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Discovery of Jerusalem Terror Cell Prompts Look at Israel’s Stewardship

August 27, 2002
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Since the intifada began two years ago, Jerusalem Mayor Ehud Olmert had boasted that Arab residents of eastern Jerusalem had opted to stay out of the violence for fear of losing Israeli social service benefits.

With the recent arrest of an eastern Jerusalem terrorist cell deemed responsible for several recent attacks — including the July 31 bombing of a Hebrew University cafeteria that killed nine people — Israelis were left asking: Arabs in eastern Jerusalem, too?

The discovery of the cell nearly coincided with a survey by the prestigious Jerusalem Institute for Israel Studies. The survey reported alarming figures concerning the standard of living in Jerusalem’s Old City and raised questions about 35 years of Israeli rule in eastern Jerusalem.

Unlike Israeli Arabs, most Arab residents of eastern Jerusalem who came under Israeli rule following the 1967 Six- Day War do not carry Israeli citizenship. They are not entitled to Israeli passports, are not entitled to vote and cannot be elected to national bodies.

They are eligible to vote in municipal elections, though most choose not to — with help from Palestinian groups — so as not to legitimize Israeli rule in the city.

Still, they do have Israeli identity cards, which allow them free movement throughout Israel and relatively free movement in and out of the West Bank — freedom that the terrorist gang allegedly put to bloody use.

Most importantly, Arabs in eastern Jerusalem are entitled to the range of social benefits available to all Israelis, such as national health insurance, unemployment payments, minimum-wage benefits, child allowances and other social security benefits.

It was access to such services that Olmert figured would deter residents of eastern Jerusalem from joining the Palestinian campaign of terror — a calculation that authorities now say was tragically wrong.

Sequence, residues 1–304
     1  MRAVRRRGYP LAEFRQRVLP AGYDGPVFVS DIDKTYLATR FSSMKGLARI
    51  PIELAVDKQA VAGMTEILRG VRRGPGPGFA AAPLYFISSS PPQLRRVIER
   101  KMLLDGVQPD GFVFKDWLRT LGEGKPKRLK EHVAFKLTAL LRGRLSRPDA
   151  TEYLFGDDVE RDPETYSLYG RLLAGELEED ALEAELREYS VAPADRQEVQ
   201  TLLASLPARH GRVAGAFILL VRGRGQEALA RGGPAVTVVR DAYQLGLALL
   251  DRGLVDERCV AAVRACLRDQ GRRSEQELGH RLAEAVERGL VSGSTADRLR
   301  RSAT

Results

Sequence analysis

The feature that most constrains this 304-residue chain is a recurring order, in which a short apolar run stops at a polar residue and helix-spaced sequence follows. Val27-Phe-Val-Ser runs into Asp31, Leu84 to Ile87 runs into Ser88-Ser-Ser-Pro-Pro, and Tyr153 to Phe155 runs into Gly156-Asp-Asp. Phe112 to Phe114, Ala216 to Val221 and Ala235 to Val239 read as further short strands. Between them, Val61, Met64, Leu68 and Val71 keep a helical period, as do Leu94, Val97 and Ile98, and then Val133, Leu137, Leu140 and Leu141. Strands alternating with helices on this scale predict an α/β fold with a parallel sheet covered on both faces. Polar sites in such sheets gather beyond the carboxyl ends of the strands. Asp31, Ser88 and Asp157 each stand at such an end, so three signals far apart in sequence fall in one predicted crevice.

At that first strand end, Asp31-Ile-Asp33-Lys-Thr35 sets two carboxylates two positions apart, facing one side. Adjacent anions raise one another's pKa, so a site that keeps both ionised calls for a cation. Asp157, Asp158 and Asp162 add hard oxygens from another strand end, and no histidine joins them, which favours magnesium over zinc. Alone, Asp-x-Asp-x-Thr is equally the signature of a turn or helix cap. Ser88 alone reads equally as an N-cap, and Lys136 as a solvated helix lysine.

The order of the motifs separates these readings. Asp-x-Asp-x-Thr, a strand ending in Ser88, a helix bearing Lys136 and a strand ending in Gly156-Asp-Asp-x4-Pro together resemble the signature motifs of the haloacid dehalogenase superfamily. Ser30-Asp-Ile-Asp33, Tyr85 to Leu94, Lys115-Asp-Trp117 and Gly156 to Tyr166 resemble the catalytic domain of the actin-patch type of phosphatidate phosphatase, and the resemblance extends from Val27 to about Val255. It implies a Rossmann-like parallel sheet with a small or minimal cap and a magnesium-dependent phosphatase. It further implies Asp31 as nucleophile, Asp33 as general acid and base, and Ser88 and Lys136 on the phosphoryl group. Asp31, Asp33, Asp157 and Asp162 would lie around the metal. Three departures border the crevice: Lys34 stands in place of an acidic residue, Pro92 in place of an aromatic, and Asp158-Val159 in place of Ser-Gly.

True, the level of terrorism emanating from eastern Jerusalem has been low in comparison with terrorism from the adjacent West Bank. Though far fewer Israelis and tourists visit the Old City today than in past years, very few hostile acts have been carried out against those who do come.

But the hatred is still there. The eyes of the frustrated merchants sitting in front of their empty souvenir stalls on David Street in the Old City tell all.

The merchants look at the few Israelis who dare to enter the Old City walls — mostly religious Jews on their way to the Western Wall or other sites in the Jewish Quarter — with sad and angry eyes.

“Why don’t you understand? We don’t want you here,” said tour guide Ali Jadda, who spent 17 years in Israeli jails for throwing a grenade in the western part of the city, wounding nine Israelis. “You are welcome as tourists, but as occupiers you are not wanted here.”

That is the story in a nutshell: Many Jerusalem Arabs see the Jews as occupiers.

“One should not forget the facts: It is us who came to them; they did not come to us,” said Meron Benvenisti, a former deputy mayor of Jerusalem.

In Israel’s 1948 War of Independence, Arab soldiers forced the Jews from the Old City’s Jewish Quarter, ending a presence dating back centuries. In the ensuing 20 years of Jordanian occupation, evidence of Jewish history was systematically destroyed.

In 1967, after it was attacked by Jordan, Israel conquered the Jewish Quarter and the other parts of eastern Jerusalem.

The conquered parts were annexed to Israel, but — fearful of changing the country’s demographic balance — the inhabitants were not offered citizenship.

Thus, just as the Arabs do not want the Jews in Jerusalem, many would say that the Israeli authorities do not regard the city’s 220,000 Arabs as equal partners.